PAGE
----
Coral Fire Mountain Ash
Coral Fire Mountain Ash
Sorbus hupehensis 'Coral Fire'Item #7118 USDA Hardiness Zone: 2 - 8
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Intriguing red stems on red-barked branches hold a showy display of white flower clusters followed by bright red berries. A showy, globe-shaped tree that displays terrific fall color. Deciduous.
- OverviewLight Needs:Full sunWatering Needs:Needs regular watering - weekly, or more often in extreme heat.Average Landscape Size:Fast grower to 30 ft. tall and wide.Key Feature:Deer ResistantBlooms:Late spring to summerLandscape Uses:
- DetailBotanical Pronunciation:SOR-bus hew-pe-EN-sisPlant type:TreeDeciduous/evergreen:DeciduousSunset climate zones:2 - 10, 14 - 17Growth habit:RoundedGrowth rate:FastAverage landscape size:Fast grower to 30 ft. tall and wide.Special features:Bird Friendly, Deer Resistant, Fall Color, Ornamental Berries, Tolerates Road Salt, Year-round InterestFoliage color:GreenBlooms:Late spring to summerFlower color:WhiteGarden styleRusticDesign IdeasThe striking color of leaf, stem and fruit on this small tree makes it easy to mix with other plants since it will always call attention to itself. Also a fine specimen tree for the lawn.Companion PlantsGood border companions include the Royal Star Magnolia (Magnolia stellata 'Royal Star') with its white blooms. Oregon Grape Holly (Mahonia aquifolium) makes a good contrast of form, with its uprightstems, and adds blue berries to the scene. The red-purple fall foliage of Henry's Garnet Sweetspire (Itea virginica 'Henry's Garnet') makes it a showy planting in autumn.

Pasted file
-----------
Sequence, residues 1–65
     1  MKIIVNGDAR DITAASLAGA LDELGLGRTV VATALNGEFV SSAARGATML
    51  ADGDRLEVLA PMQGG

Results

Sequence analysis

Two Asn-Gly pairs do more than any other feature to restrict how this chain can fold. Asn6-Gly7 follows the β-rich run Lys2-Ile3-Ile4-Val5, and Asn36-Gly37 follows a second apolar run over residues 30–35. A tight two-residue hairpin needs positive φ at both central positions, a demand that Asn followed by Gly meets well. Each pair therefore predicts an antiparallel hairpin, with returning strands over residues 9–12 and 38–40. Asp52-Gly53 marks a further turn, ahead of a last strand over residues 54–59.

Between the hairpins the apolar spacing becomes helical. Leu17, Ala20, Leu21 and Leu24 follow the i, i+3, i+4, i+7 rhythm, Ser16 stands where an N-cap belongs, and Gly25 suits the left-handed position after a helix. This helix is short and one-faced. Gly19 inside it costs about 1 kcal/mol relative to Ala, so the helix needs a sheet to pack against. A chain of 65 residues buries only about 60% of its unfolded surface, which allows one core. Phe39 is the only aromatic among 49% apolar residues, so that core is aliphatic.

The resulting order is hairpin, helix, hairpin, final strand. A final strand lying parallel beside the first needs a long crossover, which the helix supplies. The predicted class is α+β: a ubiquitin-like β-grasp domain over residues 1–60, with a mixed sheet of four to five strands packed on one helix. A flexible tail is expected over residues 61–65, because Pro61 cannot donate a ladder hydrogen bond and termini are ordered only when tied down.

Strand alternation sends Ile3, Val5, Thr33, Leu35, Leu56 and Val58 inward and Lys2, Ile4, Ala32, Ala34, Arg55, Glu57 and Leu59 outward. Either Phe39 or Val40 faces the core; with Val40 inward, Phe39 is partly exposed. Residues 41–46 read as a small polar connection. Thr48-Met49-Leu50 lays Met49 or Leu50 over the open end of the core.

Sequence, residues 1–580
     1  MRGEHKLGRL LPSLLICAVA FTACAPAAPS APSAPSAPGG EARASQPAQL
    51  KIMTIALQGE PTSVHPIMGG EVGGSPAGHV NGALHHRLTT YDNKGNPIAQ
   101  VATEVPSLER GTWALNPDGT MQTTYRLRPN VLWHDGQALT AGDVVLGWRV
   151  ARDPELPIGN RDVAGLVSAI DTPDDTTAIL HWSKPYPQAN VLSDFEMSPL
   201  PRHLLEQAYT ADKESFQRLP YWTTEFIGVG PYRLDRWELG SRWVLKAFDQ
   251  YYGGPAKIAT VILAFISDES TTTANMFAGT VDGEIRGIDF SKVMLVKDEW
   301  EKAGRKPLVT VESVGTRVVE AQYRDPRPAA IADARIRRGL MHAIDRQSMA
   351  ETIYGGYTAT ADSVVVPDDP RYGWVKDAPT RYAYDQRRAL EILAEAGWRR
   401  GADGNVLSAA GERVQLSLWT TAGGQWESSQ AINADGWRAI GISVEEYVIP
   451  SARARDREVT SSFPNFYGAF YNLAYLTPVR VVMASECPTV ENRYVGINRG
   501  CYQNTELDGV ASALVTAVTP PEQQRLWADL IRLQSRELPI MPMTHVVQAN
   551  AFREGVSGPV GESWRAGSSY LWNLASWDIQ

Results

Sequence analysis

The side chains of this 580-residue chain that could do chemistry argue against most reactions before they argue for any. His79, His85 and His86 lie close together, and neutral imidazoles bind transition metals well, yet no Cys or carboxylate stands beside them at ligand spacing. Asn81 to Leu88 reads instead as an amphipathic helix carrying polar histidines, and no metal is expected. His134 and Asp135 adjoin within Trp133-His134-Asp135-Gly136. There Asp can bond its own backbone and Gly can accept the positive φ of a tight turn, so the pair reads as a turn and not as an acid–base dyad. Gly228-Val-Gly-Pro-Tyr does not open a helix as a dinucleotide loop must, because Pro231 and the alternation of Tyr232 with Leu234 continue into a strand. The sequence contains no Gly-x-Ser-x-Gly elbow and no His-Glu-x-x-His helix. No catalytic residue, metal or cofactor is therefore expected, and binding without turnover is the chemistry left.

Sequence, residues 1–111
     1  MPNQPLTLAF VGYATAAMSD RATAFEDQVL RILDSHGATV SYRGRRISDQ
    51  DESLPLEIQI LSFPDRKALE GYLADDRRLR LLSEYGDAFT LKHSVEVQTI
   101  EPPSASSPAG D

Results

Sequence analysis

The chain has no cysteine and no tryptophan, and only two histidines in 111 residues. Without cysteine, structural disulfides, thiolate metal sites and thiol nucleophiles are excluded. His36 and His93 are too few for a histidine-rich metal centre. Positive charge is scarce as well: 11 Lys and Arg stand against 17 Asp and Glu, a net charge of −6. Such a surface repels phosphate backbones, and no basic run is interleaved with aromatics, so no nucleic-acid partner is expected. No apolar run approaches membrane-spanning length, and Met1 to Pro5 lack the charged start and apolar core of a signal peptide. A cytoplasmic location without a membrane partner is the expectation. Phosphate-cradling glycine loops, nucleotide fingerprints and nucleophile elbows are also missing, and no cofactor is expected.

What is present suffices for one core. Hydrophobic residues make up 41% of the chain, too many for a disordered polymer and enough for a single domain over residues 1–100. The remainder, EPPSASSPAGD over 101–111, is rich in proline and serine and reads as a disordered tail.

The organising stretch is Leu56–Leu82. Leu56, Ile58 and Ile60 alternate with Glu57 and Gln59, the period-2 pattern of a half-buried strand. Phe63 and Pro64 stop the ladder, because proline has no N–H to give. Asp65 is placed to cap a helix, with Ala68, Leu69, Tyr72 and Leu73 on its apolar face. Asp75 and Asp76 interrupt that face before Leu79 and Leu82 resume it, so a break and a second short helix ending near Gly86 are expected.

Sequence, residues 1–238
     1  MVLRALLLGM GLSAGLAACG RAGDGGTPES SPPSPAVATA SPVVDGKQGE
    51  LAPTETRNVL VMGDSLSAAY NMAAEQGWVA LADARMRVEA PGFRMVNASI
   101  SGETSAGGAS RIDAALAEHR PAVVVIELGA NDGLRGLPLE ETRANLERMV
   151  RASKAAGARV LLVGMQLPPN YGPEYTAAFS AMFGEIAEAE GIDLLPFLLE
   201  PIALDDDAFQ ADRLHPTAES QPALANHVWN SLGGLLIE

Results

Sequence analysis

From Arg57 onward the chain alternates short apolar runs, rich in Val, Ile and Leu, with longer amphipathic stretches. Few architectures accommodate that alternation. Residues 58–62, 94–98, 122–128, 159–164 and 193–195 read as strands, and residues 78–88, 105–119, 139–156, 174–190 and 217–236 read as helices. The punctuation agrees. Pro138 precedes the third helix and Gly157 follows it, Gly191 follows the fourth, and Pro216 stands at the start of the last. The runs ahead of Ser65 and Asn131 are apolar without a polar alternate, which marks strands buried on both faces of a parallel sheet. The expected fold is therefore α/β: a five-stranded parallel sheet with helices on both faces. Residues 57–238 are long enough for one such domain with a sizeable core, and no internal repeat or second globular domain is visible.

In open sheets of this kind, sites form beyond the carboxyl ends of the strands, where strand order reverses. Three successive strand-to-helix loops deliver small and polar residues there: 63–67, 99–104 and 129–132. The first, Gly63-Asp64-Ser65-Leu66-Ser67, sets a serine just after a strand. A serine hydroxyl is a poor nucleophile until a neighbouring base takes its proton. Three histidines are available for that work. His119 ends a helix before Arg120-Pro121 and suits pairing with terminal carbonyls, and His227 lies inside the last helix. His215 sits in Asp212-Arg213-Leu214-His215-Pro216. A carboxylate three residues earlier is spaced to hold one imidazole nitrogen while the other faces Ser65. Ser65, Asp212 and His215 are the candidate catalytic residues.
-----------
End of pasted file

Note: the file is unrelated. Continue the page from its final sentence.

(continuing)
- CareCare InformationFollow a regular watering schedule during the first growing season to establish a deep, extensive root system. Watering can be reduced after establishment. Feed with a general purpose fertilizer before new growth begins in spring.Pruning time: winter.Light Needs:Full sunWatering Needs:Needs regular watering - weekly, or more often in extreme heat.
- History & LoreHistory:This Asian species is native to western and central China and bears great resemblance to our own native mountain ash, S. acuparia. It was brought to the west by E.H. Wilson in 1910. It's improved fiery color earned an Award of Garden Merit from the Royal Horticultural Society.Lore:This plant is closely related to the European rowan, considered a most powerful tree to the ancient Celts. Berries are sometimes added to jams and jellies but are rarely used exclusively due to their exceedingly tart taste.